Insurance Premiums
During the period under review, the claims paid increased by 18.1 percent to Ksh64 billion compared to Ksh54.19 billion paid in Q4 2020. [Image/ Courtesy]

Kenyans have spent Sh 43 billion in premiums on non-existent insurance covers because of shady agents who do not remit the payments to insurers.

The agents fail to remit the payments to insurers, exposing the customers to heavy losses when they make compensation claims. The Insurance Regulatory Authority (IRA) has disclosed in court documents that insurance brokers collect billions of shillings from customers but fail to remit the money to insurance companies as required. 

Apparently, the risks the insured looks to cover cannot be compensated if it occurs because it is not recognised under the “cash and carry” principle. The principle stipulates that if an insured party suffers a loss before the premium is remitted to the insurer then the insured cannot be compensated.

As a result of these agents’ failure to meet their statutory obligations, general insurers are owed Sh42 billion while companies offering life covers are owed Sh1 billion.

Premiums paid to general insurance companies represent between one and five percent of the value of the risks covered, meaning that customers expect to be protected from losses of much higher values. Failure to remit the premiums, as is done by most Kenyan agents, results in no compensation to the customers when the risk occurs.

The Sh43 billion is equivalent to 19.8 percent of the Sh216.2 billion gross premiums that Kenya’s 37 insurance firms underwrote last year. In 2014, unremitted premiums stood at Sh 26 billion but they have piled up over the years to get to Sh 43 billion in 2019.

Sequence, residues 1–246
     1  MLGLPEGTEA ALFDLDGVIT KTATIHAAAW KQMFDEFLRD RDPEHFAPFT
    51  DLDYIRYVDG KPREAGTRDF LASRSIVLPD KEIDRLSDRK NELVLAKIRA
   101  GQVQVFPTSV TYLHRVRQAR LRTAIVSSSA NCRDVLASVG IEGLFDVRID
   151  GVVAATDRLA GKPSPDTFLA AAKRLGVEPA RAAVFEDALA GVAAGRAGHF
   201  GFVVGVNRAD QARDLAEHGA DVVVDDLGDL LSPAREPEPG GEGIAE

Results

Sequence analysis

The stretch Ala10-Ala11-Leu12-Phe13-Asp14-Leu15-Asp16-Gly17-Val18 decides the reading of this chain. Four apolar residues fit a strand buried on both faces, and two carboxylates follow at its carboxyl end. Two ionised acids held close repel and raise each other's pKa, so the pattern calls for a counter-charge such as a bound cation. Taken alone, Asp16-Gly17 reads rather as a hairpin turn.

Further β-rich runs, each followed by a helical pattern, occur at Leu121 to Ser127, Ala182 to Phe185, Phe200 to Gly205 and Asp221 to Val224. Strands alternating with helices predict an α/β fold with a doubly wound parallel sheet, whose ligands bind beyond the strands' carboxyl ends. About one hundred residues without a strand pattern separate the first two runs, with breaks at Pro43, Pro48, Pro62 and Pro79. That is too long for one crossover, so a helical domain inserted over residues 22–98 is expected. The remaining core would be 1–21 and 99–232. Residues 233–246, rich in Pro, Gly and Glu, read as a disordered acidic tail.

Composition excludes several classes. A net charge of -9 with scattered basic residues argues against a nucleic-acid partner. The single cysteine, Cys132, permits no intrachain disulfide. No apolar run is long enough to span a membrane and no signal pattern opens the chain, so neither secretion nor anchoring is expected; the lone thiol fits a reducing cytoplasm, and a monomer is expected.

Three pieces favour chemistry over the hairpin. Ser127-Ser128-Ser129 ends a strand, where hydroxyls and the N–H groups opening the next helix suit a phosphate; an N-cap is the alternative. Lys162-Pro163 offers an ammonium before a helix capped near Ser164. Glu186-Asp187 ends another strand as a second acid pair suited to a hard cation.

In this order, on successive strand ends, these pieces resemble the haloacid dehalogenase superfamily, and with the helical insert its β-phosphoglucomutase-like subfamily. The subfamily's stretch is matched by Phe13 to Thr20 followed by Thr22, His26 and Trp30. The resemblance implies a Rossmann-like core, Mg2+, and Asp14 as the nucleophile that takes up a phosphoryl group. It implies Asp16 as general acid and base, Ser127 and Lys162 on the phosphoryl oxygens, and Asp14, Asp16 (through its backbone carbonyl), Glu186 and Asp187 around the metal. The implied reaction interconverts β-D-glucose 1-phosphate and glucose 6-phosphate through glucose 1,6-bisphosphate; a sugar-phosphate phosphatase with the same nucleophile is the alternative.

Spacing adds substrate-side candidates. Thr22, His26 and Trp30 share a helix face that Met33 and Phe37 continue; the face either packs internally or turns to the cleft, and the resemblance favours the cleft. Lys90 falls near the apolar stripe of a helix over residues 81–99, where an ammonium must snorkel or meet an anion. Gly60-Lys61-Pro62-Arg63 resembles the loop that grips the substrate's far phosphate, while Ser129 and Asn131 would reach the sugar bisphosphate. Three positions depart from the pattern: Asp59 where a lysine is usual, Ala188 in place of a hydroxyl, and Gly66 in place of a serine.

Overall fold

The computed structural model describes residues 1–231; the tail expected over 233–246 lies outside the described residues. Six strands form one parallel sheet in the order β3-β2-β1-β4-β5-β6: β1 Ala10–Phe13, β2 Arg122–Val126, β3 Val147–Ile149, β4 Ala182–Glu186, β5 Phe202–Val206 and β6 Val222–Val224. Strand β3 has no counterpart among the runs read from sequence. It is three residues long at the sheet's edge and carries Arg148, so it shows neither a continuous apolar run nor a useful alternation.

Policies covering motor vehicles have the highest premiums of between 4% and 5% of the value of the vehicles. Other policies in the general insurance segment include engineering, domestic f**e, industrial f**e, medical and t***t.

In July this year, the Insurance Act was amended barring brokers from handling cash on behalf of insurers. However, the brokers received a temporary court injunction allowing them to continue receiving the premiums until the dispute is determined.

The insurance regulator has disclosed the pile of insurance premiums held by brokers in a c********e where the agents are f******g a law that bars them from receiving customers’ payments on behalf of insurers.

Brokers listed as the biggest defaulters are Minet Kenya, which owes underwriters a total of Sh1.5 billion, followed by D&G (Sh441.5 million) and Zamara Risk & Insurance (Sh358.5 million).

The Association of Insurance Brokers Kenya (AIBK) — the agents’ lobby group — argues that the ban on cash handling, contained in the Insurance (Amendment) Act No. 11 of 2019 & Regulations, will drive its members out of business.

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